Top positive review
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Superb. Believable, touching and chilling.
on 14 March 2002
It surprises me that a play such as this is regularly performed yet still largely unknown. It centres around the character of Eva, brought to England during the Kindertransport which took Jewish children out of Germany, and her adult self, renamed Evelyn, as she helps her daughter, Faith, to move out of home for the first time. The play focuses on the importance of relationships and identity, Eva having forced herself into assimilation into the English culture at the expense of her own culture and relationship with her mother, whom she presumes died in the Holocaust, but who returns at the end, resulting in the final fusing of the Eva and Evelyn characters, who remain stubbornly separate until this point. Based around testimonies from Kindertransport survivors, the play expresses with heartrending realism the events, traumas and emotions experienced by those who escaped the holocaust. Figures of authority, such as policemen, and everyday things such as trains become metaphors for terror well into Evelyn's adult life, and her relationship with her own daughter is jeapodised as a result of her experiences. But perhaps the most chilling feature of all is the presence of the Ratcatcher, the figure of the young Eva's storybook, who led away the children, and here is personified in all the figures of male authority, a constant reminder of a child's worst nightmare: to be seperated from her parents; to be displaced; to be alone.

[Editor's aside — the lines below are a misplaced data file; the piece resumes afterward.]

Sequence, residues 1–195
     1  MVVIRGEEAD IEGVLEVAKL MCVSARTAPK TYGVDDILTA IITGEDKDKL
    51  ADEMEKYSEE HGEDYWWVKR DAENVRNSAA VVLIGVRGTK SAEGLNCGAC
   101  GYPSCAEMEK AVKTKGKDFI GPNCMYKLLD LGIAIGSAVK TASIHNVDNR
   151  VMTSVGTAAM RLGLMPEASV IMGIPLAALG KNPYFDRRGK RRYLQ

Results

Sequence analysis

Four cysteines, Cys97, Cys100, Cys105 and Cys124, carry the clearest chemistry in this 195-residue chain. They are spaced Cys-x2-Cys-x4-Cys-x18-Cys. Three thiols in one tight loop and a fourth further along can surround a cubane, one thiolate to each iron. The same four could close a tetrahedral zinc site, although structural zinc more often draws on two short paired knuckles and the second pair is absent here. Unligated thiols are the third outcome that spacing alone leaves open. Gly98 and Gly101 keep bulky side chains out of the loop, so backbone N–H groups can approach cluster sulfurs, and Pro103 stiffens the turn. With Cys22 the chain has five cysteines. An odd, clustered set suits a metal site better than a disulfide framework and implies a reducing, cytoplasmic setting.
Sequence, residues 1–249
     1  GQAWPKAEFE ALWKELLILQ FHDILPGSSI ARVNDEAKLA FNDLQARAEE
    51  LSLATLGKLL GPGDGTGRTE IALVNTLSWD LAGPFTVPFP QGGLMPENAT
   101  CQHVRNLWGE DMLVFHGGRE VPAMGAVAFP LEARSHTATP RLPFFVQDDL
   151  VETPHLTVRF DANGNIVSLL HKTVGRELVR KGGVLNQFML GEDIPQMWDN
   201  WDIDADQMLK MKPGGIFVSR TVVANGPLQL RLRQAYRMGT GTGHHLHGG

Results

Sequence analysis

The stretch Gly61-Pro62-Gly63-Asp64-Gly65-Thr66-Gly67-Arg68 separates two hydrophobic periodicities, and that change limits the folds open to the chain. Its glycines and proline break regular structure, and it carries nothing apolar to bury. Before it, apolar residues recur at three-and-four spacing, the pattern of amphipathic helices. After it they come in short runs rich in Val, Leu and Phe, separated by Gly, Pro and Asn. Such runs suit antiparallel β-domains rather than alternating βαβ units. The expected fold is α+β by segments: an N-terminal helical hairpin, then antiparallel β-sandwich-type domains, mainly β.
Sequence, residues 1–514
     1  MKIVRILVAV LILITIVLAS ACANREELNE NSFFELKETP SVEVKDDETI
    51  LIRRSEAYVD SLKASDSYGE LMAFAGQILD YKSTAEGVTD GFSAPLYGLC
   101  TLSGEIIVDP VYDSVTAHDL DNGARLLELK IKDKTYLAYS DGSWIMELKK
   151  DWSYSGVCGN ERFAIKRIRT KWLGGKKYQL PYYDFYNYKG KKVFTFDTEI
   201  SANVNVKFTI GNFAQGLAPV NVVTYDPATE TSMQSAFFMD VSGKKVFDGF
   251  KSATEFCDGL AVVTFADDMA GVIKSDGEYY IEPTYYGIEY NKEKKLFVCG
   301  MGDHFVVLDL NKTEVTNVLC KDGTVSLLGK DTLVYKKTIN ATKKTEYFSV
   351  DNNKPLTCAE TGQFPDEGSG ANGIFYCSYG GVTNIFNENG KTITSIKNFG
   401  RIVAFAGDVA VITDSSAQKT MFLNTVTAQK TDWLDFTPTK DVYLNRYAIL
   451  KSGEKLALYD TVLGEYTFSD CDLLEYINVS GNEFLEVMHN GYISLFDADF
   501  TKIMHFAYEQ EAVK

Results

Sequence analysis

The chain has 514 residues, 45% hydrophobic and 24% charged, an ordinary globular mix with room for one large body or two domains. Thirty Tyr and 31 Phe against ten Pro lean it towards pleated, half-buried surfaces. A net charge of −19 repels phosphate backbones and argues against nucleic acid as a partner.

There is always much debate about who should be allowed to write about the holocaust and what should be written in order to do it justice, but this play has succeeded in both representation of events and as a play in its own right. It is the most sensational play I have read in a long time, and it affected me deeply, encouraging me to read more of the background to the Kindertransport and question the importance of nature versus nurture, and the expense at which mother-daughter bond is broken.